Sunday, January 22, 2012


Perfect as lentils soaking, each round pebble
Bathed where the water laps, drifts against the current gently.

There juniper exudes a pungent meady scent, and the wood birds are wiser
Than their cultivated brothers. Warbler and thrush have darkly glinting eyes,
And are never startled.
They know these trees, this stream, like their own voices.

And in this heavy bearded wood there are more loamy secrets,
Where spiky pine blankets the condescending lumps of fallen trees.
There a blunderer may find himself in dreams of a peculiar kind,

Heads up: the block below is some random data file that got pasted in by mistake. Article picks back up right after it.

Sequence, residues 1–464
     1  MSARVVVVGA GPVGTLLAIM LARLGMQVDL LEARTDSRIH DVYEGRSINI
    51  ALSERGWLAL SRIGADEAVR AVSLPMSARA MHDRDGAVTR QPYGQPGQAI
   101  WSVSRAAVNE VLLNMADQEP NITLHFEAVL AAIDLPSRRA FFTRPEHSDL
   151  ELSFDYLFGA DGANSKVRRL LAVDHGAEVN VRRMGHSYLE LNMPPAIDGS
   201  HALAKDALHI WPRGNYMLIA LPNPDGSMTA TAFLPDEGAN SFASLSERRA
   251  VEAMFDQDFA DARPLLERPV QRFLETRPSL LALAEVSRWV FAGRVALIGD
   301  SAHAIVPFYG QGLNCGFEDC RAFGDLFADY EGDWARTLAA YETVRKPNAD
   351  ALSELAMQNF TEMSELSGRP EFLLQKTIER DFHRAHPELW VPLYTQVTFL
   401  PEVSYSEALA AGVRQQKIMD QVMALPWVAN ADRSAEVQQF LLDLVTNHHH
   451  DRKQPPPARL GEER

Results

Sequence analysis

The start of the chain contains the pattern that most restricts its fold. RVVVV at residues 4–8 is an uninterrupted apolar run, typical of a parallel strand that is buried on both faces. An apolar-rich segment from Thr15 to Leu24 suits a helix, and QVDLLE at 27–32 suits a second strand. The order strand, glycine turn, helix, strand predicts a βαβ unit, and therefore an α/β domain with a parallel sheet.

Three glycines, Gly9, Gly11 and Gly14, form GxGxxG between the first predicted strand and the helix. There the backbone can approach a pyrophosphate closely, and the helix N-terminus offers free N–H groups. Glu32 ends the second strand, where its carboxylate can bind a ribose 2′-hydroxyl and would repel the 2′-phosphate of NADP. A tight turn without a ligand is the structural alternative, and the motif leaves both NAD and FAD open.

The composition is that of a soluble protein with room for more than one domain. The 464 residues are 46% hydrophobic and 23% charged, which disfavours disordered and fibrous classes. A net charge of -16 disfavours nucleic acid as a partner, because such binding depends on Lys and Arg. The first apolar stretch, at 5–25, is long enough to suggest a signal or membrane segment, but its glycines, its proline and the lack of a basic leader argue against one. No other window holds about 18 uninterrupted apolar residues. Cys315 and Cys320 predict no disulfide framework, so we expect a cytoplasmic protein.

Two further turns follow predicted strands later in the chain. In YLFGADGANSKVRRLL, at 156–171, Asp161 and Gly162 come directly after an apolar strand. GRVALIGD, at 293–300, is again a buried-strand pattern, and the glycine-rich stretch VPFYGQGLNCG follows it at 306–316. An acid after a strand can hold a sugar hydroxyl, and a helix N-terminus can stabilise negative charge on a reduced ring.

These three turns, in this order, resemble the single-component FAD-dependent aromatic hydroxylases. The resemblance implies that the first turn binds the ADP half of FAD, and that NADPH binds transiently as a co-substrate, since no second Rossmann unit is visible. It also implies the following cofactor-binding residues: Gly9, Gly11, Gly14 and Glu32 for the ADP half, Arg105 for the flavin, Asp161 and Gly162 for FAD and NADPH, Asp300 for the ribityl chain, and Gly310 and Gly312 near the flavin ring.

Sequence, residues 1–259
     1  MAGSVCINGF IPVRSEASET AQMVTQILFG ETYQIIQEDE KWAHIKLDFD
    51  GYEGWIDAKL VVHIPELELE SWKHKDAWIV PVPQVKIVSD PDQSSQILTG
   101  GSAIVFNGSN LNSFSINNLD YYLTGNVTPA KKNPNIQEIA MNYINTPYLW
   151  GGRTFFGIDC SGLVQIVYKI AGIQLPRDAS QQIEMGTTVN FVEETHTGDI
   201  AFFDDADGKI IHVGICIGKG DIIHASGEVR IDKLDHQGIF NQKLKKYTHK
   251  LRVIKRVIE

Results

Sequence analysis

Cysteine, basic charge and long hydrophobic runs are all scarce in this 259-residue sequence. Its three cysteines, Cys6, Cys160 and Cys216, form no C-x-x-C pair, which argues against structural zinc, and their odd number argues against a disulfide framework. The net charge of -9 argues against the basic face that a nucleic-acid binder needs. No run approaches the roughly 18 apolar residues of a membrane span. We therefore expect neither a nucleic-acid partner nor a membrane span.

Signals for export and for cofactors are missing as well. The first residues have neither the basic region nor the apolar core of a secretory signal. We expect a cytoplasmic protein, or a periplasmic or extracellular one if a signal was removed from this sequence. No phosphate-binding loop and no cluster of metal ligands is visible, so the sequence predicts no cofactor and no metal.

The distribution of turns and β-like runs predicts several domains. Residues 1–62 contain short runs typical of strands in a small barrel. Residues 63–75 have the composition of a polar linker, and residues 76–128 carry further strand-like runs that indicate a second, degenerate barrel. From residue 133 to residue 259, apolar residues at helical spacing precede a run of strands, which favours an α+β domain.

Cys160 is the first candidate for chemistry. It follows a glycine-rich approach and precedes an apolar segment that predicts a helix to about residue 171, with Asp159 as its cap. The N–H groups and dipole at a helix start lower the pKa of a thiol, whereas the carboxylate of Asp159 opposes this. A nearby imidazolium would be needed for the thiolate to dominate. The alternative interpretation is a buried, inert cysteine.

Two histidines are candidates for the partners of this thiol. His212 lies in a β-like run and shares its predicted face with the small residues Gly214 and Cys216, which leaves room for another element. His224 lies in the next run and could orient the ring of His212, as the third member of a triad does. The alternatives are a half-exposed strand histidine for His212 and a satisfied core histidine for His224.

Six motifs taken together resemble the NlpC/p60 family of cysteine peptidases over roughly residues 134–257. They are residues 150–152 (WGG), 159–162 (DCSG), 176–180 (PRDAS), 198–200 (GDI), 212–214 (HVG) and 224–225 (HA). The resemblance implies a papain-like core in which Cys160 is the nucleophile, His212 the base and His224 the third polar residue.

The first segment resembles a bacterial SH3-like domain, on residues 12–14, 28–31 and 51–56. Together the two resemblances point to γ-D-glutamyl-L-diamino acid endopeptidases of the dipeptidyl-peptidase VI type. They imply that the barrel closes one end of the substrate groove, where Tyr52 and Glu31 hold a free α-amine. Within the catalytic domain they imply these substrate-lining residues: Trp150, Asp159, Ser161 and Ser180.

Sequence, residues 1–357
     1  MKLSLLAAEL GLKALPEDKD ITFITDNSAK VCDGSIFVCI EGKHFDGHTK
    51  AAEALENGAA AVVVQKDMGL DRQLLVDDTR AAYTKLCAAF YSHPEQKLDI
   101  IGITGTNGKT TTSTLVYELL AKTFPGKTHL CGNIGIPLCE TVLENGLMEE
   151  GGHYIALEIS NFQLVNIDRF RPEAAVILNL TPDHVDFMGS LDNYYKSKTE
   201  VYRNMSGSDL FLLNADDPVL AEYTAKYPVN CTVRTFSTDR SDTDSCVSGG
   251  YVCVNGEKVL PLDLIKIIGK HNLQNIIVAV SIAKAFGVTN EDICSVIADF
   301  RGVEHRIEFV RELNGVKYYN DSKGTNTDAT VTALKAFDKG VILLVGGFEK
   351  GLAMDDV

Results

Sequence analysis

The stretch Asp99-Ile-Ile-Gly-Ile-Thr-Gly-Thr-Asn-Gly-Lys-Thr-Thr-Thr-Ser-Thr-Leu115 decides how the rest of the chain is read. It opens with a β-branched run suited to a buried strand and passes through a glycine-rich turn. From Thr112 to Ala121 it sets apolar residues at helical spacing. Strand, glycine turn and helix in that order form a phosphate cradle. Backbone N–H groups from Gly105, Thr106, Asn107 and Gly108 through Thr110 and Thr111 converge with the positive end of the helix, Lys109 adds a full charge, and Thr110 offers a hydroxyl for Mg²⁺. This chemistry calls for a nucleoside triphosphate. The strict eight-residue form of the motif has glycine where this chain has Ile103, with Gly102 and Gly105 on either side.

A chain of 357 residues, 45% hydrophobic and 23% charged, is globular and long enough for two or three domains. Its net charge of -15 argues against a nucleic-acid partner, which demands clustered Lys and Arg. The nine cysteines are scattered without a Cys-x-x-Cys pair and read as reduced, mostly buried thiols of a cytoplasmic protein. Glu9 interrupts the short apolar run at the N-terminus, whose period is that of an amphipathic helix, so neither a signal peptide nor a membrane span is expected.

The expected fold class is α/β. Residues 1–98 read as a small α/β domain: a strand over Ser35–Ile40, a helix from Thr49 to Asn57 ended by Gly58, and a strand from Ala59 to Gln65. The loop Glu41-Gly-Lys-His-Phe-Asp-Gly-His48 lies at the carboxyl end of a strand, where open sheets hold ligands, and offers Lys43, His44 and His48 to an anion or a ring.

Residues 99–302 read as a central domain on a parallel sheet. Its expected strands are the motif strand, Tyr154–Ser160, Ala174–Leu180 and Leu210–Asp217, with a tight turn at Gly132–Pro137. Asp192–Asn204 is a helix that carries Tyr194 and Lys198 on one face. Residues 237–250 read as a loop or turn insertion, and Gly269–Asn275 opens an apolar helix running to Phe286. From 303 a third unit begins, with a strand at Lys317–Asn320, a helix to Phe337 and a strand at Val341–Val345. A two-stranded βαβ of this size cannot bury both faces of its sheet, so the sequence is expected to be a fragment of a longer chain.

When light and desire conspire to draw him deeper
Into the forest's pleroma,
And except he is a fool, he will not know it.

There moves the forest's guardian, all draped.
He is the earthy and the intoxicating spirit of this place.
In shape he frustrates any illustration, complete is he,
And any portrait makes his parts absurdity, for he is beauty.

Any eye that sees him finds its deepest fear and dearest joy,
The wanderer is rested in his soul, the hunter rankled,
The lover spoiled of any cheapening love.
Here, in this fecund stillness
Is the utter soul of worlds.


  1. This comment has been removed by the author.

  2. J: "Are you trying to write this so no one will know what you are talking about? 'This fecund stillness', hey look at me, I'm the next Shakespeare."